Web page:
Benefits of Using a Non-Military Spouse’s Income on a VA Loan

Marcus Marion, CMA™ 1 month ago 0 4

“Can I use my spouse’s income when applying for a VA home loan, even if he or she has not served in the military?”

This is a common question among military members and veterans who want to use the VA loan program to buy a house. And it’s easy to understand why. Bringing a spouse’s income into the mix could help you qualify for a bigger loan amount, among other benefits.

The short answer is yes, borrowers who are eligible for a VA loan can often include their spouse’s earnings as part of the total income. This is true even when the spouse is a civilian who has never served in the military.

Using a Civilian Spouse’s Income With a VA Loan

Definition: A “VA loan” is simply a mortgage loan that gets guaranteed by the federal government, under the oversight of the U.S. Department of Veterans Affairs. This program rewards military members and veterans, helping them achieve their dreams of homeownership.

As you might already know, the VA home loan program offers a number of compelling benefits for eligible borrowers. Topping that list is the ability to buy a house with no down payment and without having to pay any mortgage insurance.

As an added benefit, eligible borrowers who use a VA loan to buy a house can count their spouse’s income for mortgage qualification purposes. The primary borrower must be a military member or veteran, according to official VA guidelines. But the spouse does not.

In short: if the spouse is named on the mortgage documents, and therefore partly responsible for repaying the loan, his or her income can also be counted toward loan approval.

VA Pamphlet 26-7, which serves as the official guide for mortgage lenders that participate in this program, instructs lenders to “verify and treat the income of a spouse who will be contractually obligated on the loan the same as you would the income of a Veteran borrower that will be obligated on the loan.”

For both the primary borrower and the spouse, mortgage lenders must determine that the income is stable and reliable, and anticipated to continue for the foreseeable future.

The Benefits of Combining Two Income Sources

So, a military member or veteran who is eligible for a VA-guaranteed mortgage loan can use both their own income as well as their spouse’s income.

But why would a borrower want to do this? What’s the benefit of using combined income sources, instead of just the one, when applying for a VA loan to buy a house?

Here are the potential advantages:

1. Higher Qualifying Income

When both the veteran and the non-military spouse’s earnings are considered, the total household income increases. This could help you meet VA loan requirements and increase the chance for loan approval.

For instance, if a veteran earns $50,000 annually and their spouse earns $60,000, the combined household income would come to $110,000. This provides a stronger financial profile than the veteran’s income alone.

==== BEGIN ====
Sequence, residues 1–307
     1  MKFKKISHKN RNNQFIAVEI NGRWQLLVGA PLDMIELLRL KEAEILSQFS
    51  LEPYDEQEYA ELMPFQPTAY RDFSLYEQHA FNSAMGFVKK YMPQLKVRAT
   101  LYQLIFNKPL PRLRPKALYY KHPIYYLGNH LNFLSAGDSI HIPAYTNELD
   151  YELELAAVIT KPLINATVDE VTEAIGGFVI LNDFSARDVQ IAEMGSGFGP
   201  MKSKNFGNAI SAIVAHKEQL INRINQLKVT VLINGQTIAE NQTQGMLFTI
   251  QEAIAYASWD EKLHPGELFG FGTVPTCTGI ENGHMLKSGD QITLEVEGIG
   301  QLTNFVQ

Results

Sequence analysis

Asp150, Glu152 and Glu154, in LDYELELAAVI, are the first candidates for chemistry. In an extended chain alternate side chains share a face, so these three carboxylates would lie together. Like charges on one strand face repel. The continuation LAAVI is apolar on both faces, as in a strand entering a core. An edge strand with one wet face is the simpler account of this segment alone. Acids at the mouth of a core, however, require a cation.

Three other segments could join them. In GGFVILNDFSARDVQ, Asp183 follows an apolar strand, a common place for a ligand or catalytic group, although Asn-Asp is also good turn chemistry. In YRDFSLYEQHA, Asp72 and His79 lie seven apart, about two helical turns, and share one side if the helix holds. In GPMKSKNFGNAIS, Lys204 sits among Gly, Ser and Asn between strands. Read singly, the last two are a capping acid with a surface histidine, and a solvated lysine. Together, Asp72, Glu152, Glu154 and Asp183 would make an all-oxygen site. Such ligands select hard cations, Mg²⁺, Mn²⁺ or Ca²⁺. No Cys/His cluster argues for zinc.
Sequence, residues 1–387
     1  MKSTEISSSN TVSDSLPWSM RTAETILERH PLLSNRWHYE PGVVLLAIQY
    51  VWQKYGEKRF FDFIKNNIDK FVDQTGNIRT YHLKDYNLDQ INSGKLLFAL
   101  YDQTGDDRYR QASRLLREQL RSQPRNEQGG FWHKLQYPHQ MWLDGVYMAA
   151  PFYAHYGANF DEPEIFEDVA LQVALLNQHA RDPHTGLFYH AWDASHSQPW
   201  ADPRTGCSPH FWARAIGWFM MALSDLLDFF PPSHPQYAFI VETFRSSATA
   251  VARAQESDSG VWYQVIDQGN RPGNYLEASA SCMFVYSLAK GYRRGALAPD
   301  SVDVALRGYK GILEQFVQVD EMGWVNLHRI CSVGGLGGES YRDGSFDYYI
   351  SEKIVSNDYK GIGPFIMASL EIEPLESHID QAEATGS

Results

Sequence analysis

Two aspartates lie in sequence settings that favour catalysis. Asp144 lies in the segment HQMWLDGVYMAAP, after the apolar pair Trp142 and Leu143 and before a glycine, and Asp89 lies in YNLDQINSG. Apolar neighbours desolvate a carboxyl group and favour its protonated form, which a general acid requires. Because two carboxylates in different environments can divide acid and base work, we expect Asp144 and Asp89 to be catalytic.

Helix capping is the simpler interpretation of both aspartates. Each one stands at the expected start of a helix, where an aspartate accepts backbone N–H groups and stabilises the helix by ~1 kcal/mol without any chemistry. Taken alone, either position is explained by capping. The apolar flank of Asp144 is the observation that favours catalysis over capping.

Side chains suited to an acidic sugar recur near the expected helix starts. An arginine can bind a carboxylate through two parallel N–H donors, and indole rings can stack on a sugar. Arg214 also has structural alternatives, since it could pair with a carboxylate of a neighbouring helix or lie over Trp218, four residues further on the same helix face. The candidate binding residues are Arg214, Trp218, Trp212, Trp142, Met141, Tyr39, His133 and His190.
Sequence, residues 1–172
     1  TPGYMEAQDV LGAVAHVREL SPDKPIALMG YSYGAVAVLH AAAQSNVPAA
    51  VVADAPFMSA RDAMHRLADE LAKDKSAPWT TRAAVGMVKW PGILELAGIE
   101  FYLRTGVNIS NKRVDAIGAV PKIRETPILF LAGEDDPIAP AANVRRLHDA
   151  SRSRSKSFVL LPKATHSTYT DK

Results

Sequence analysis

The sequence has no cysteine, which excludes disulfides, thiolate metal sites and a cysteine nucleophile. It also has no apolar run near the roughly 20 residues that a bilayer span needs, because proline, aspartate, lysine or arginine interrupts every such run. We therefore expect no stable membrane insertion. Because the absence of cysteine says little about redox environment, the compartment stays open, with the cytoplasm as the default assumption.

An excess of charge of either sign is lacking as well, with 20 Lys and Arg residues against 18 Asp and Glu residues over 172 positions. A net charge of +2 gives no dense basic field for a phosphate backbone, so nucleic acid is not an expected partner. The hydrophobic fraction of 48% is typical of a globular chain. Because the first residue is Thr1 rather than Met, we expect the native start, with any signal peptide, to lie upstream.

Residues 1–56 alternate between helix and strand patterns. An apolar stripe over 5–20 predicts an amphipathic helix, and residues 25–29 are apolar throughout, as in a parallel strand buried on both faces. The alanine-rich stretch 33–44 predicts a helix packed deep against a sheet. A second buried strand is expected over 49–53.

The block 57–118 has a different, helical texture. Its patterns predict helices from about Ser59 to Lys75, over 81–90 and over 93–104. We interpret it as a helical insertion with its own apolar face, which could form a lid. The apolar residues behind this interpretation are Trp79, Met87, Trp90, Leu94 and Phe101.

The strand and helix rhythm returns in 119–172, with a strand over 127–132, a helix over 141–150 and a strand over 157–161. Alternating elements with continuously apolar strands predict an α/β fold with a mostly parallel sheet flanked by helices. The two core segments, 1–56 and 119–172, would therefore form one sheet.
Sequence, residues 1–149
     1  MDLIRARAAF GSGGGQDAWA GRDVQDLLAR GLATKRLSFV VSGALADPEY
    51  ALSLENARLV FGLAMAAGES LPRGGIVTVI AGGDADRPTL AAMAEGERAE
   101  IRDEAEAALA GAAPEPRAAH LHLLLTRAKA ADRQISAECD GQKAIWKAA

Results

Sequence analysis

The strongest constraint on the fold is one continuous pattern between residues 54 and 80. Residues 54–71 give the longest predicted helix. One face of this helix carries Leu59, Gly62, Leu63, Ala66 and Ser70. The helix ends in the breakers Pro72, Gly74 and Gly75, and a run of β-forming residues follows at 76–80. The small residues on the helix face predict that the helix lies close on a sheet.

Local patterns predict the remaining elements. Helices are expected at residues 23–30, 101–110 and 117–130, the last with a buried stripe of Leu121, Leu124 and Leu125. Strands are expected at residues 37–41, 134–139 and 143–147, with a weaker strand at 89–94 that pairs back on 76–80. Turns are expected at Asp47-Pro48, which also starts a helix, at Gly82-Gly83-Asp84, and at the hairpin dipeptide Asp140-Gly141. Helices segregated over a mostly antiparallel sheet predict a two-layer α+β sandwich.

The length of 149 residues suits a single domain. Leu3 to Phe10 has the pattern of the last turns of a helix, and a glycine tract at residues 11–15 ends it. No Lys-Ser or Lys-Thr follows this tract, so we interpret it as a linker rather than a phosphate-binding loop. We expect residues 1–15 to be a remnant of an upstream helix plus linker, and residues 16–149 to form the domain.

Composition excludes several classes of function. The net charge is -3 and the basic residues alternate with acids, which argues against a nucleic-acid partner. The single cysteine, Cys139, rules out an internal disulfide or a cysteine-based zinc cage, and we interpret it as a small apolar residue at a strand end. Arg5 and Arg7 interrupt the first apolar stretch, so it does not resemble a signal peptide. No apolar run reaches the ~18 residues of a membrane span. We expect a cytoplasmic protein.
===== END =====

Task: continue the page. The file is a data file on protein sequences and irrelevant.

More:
2. Enhanced Financial Stability

Lenders use underwriting procedures to ensure that borrowers have a stable and reliable source of income. A combined income from both spouses can provide greater financial stability, as the risk is spread across two income sources. This reduces the lender’s risk and improves the chances of loan approval.

3. Residual Income Requirements

VA-guaranteed home loans require borrowers to have a certain amount of residual income left over each month, after all major expenses are paid. This residual income ensures that the borrower can cover basic living expenses.

By including the spouse’s income, the household is more likely to meet or exceed the residual requirements. This can make it easier to qualify for a VA loan.

4. Improved Loan Terms

Higher combined income could also lead to better loan terms, such as a lower interest rate. Lenders typically offer more favorable terms to borrowers who demonstrate greater financial capability and lower risk.

In many cases, including a spouse’s earnings can result in a lower overall debt-to-income ratio. This in turn reduces the lender’s risk and could help you secure a better mortgage rate.

5. More Purchasing Power

When you apply for a VA loan, the amount you borrow will largely depend on the size of your income. This means that if you bring a non-military spouse’s income into the picture, you could qualify for a larger loan amount and buy a more expensive home.

Combined Income Means Shared Responsibility

In order to have a spouse’s income count toward the VA loan approval amount, the spouse will have to be named on the mortgage documents as a co-borrower. This means they are just as responsible for the debt as the primary borrower.

So before using this strategy, be sure to consider the following.

  • Equal Repayment Obligation: Both you and your spouse are legally obligated to make the monthly mortgage payments.
  • Credit Impact: If payments are late or there’s a default (failure to repay), both your and your spouse’s credit scores could suffer a hit.
  • Foreclosure Risk: In the worst-case scenario of foreclosure, both of you could lose ownership rights to the property.

There are some obvious advantages to having your spouse on the mortgage, especially if they have stable income and good credit. But you also have to consider the shared responsibility that comes with it, in order to make an informed decision.

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